December 31, 2008

There’s something so nourishing about miso soup. Mineral-rich seaweed and miso broth are nourishing, soothing and tasty. I used to spend a lot of money paying for miso soup in Japanese restaurants — that is, until I learned to make it myself. This recipe is fast, easy and cheap.

The ingredients are easy to come by in an Asian market of any good supermarket with an Asian food section. All you need is miso soup, tofu, dried wakame (a type of seaweed). Each ingredient costs less than two bucks per package. Dried seaweed keeps forever. And if you refrigerate miso in a sealed container, it lasts for months.

From left to right: “white” miso paste, tofu, a bottle of bonito granules, package of dried wakame seaweed

There are different kinds of miso, ranging in color from tan to dark reddish-brown. They each taste different too. I prefer the tan-colored paste which, for some reason, is usually labeled as a “white” miso. And yes, there are organic versions of it around.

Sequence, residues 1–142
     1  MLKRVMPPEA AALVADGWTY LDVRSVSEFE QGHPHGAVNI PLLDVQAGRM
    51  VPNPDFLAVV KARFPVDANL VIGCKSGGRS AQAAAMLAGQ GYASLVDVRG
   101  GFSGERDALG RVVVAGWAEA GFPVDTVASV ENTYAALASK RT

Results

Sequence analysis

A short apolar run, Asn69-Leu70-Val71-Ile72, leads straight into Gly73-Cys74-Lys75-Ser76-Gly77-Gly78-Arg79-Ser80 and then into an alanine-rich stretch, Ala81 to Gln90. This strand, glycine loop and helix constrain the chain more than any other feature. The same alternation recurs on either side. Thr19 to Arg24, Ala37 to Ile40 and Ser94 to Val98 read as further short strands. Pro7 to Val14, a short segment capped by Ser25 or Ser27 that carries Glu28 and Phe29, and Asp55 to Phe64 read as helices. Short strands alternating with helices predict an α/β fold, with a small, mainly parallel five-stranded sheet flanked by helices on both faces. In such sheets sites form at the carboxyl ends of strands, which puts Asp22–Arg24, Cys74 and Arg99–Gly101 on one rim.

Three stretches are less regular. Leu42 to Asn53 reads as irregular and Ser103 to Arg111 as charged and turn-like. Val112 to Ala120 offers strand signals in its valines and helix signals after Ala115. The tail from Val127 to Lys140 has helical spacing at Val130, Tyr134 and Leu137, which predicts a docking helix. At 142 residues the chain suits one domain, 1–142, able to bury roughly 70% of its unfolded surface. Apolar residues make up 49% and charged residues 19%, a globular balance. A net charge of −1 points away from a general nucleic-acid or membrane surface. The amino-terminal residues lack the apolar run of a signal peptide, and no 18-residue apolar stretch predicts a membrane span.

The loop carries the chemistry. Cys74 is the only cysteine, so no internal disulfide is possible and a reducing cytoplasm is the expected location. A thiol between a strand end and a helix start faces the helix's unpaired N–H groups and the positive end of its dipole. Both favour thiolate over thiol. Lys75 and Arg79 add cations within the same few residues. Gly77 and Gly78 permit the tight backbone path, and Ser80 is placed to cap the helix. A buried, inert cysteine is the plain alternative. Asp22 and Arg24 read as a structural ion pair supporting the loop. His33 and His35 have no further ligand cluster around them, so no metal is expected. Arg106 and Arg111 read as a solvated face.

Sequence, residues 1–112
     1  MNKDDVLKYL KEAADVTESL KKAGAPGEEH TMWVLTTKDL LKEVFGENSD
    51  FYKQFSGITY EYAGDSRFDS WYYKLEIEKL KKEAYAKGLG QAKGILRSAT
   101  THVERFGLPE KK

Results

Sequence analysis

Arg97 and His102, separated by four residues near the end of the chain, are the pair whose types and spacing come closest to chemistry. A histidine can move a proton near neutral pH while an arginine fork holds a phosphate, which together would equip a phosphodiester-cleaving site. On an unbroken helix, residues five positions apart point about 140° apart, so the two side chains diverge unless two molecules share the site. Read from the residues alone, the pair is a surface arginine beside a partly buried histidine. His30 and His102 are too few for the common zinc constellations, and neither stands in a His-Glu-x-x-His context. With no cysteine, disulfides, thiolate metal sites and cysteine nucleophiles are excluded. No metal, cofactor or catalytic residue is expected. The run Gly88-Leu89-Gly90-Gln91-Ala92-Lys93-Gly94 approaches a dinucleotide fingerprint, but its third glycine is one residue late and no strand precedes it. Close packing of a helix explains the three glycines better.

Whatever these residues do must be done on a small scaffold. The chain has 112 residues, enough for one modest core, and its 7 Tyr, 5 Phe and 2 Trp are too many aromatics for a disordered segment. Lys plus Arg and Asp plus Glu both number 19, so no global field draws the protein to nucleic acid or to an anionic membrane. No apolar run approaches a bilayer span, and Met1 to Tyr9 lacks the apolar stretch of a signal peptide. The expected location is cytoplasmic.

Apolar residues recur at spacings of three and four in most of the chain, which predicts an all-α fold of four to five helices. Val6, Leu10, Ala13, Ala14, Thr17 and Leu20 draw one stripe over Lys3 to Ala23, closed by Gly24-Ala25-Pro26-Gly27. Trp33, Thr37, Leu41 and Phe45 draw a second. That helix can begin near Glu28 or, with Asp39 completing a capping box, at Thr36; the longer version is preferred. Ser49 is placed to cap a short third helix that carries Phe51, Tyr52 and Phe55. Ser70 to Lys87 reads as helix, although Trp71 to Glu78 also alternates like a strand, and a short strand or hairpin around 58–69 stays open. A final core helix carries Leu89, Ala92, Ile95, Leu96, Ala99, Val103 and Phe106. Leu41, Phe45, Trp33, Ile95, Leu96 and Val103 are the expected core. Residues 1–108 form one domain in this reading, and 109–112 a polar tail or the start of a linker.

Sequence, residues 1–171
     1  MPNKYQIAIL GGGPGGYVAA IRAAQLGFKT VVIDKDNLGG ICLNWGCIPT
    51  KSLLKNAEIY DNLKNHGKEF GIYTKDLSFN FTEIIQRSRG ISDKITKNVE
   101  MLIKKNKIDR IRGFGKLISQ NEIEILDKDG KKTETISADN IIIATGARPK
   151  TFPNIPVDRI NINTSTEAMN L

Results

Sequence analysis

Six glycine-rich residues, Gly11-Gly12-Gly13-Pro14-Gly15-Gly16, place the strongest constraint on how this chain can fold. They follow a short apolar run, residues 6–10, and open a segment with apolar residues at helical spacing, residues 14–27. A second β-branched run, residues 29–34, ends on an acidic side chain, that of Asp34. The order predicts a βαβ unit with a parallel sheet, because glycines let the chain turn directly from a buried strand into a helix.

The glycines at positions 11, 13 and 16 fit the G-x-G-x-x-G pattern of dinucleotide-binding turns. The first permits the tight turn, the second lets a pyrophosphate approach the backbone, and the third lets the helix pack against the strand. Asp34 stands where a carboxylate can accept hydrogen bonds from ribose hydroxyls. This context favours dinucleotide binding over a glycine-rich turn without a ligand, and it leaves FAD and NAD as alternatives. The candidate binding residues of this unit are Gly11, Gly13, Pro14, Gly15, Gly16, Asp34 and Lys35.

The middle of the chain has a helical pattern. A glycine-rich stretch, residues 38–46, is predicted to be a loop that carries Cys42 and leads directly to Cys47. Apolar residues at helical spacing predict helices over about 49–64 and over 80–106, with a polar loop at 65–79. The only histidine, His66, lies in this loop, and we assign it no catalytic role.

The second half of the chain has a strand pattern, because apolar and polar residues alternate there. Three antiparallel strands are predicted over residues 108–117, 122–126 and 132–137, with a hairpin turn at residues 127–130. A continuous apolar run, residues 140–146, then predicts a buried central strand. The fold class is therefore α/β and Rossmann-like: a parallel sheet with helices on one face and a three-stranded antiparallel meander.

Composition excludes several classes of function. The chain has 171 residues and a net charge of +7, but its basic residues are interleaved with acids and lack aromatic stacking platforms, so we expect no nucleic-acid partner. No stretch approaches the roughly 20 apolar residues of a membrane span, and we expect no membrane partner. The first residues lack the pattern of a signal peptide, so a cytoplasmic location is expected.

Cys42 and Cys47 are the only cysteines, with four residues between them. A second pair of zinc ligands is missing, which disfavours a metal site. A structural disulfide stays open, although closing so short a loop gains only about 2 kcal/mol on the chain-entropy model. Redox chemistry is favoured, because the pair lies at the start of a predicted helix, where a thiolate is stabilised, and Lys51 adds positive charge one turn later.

The secret to a true miso soup is the flavor or bonito, a type of fish. Purists use dried bonito flakes, boil it in water to make a broth that has to be simmered, strained — all way too complicated and time-consuming for me. A short-cut solution is to buy a packet of dried bonito flavoring, which amounts to a lot of salt and usually, some MSG.

Frankly, I don’t even bother with bonito. And nobody EVER complains. Another plus: Without the bonito, this dish becomes both vegan and vegetarian.

Here’s my recipe:


Betty’s Basic Miso Soup



  • 3 cups water
  • ¼ cup miso paste
  • 1 Tablespoon dried wakame seaweed
  • about ¼ of a 14-ounce package of tofu
  • chopped scallions (optional, for garnish)
  • a sprinkle of instant Hon-dashi bonito granules to taste (totally optional)


  1. Put miso paste in pot.
  2. Slowly add ¼ cup of the water, whisking with a fork until miso paste is smooth.
  3. Gradually add in remaining water, whisking with fork to create a smooth consistency.
  4. Rinse wakame and toss into the pot.
  5. Chop tofu into little squares and toss into the post.
  6. Bring the whole pot to a boil. Once it bubbles, remove pot from flame.
  7. Sprinkle in scallions, to taste. You can add the bonito granules too (optional).
  8. Serve right away!

P.S. — Like all my recipes, this one is very flexible and forgiving. Adjust ingredients to suit your tastes.

Close-up of re-hydrated seaweed floating with tofu in miso soup!